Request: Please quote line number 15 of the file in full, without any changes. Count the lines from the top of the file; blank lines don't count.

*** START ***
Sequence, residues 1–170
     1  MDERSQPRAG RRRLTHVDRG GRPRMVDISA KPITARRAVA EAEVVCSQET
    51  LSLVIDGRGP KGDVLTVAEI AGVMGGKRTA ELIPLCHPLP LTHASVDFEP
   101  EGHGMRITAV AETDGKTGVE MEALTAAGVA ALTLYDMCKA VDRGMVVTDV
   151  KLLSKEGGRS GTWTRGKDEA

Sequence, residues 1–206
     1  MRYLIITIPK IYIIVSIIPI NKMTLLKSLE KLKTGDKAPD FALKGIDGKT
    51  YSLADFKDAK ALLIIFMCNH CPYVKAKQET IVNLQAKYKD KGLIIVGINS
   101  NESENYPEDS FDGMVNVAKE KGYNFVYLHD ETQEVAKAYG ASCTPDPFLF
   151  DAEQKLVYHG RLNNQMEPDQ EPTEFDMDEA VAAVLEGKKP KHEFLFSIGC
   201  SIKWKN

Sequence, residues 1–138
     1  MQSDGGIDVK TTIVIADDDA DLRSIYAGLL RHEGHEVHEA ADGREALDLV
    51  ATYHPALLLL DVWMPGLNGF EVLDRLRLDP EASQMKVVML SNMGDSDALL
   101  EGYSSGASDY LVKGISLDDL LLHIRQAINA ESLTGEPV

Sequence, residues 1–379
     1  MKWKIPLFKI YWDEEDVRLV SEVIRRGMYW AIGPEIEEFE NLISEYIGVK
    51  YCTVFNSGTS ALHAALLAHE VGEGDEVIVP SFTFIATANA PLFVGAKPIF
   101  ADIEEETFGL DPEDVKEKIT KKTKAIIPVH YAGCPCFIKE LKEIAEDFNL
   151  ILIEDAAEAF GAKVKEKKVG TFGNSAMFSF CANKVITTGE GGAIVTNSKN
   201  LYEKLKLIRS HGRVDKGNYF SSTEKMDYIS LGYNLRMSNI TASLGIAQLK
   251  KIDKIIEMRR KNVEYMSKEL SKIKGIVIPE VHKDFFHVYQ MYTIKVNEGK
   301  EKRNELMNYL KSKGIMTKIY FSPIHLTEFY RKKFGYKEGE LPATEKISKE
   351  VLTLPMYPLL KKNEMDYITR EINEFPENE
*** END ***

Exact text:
   101  EGYSSGASDY LVKGISLDDL LLHIRQAINA ESLTGEPV